Carried interest generated by alternative-asset managers, primarily via private equity investments, is currently taxed at 23.8% (20% tax on net capital gains plus a 3.8% investment tax for high-income earners), whereas management fees and other are taxed at higher regular corporate tax rates closer to the 39.6% top tax rate on earned income. Under the new administration, we believe the most likely reforms are that the carried interest tax rate will increase to 33% from 23.8%, whereas corporate tax rates (meaning tax rates on management fees) will decline to the low 20s on average.

Given these changes, we believe the publicly traded alternative-asset managers will seek to shift to a more attractive corporate tax structure. We acknowledge that this shift will mean that earnings will be subject to double taxation, versus being passed through to the unitholder. However, at a corporate level, we see three major benefits: retaining similar (if not more) earnings for reinvestment in the business, multiple expansion, and index inclusion. We think multiple expansion will also be aided by the fact that investors seem to prize the stability of management fee income more so than incentive income and have awarded it a higher multiple, and tax rates for management fees should decline as they will be subject to the new lower corporate tax rate.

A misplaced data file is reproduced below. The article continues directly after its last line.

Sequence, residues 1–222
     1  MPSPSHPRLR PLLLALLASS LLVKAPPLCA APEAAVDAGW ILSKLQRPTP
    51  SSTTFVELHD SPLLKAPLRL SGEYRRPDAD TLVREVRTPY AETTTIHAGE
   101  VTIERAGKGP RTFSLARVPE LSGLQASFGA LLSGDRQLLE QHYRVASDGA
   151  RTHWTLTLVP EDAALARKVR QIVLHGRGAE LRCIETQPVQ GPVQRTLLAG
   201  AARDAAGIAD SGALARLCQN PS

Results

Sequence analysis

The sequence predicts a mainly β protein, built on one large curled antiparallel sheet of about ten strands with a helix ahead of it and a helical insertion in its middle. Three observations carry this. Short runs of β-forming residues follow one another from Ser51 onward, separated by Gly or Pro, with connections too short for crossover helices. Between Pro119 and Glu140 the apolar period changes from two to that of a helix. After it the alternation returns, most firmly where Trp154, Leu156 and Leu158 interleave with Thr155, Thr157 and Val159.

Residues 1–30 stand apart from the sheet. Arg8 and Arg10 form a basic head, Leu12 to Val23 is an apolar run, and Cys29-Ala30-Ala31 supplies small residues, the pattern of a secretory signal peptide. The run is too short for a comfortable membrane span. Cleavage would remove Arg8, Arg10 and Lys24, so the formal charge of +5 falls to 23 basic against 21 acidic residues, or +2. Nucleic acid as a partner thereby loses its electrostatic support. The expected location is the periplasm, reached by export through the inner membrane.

Our fair value estimates for the alternative-asset managers have long included a long-term tax rate of 35%, recognizing that the current carried interest tax situation was untenable over the long term, even if there were no immediate threats on the horizon. We understood that investors would probably demand a discount to account for the threat. As a result, changing our tax rates for the industry doesn’t necessarily result in a material shift in our fair value estimates, as we believe the more influential factors for investors will be more technical, such as the broadening of the investor base, the potential for index ownership, and increased earnings growth via higher reinvestment in the business, among other items.

Our top ideas are wide-moat  Blackstone and narrow-moat  KKR because of the higher potential for index and broader shareholder ownership. We consider Blackstone considerably undervalued based on its current partnership structure, whereas KKR, with its progressive dividend policy paying out roughly 30% of distributable income, is already passing up the advantages of the pass-through limited partner structure for a model closer to a corporate one, where distributions would be around 25% of earnings.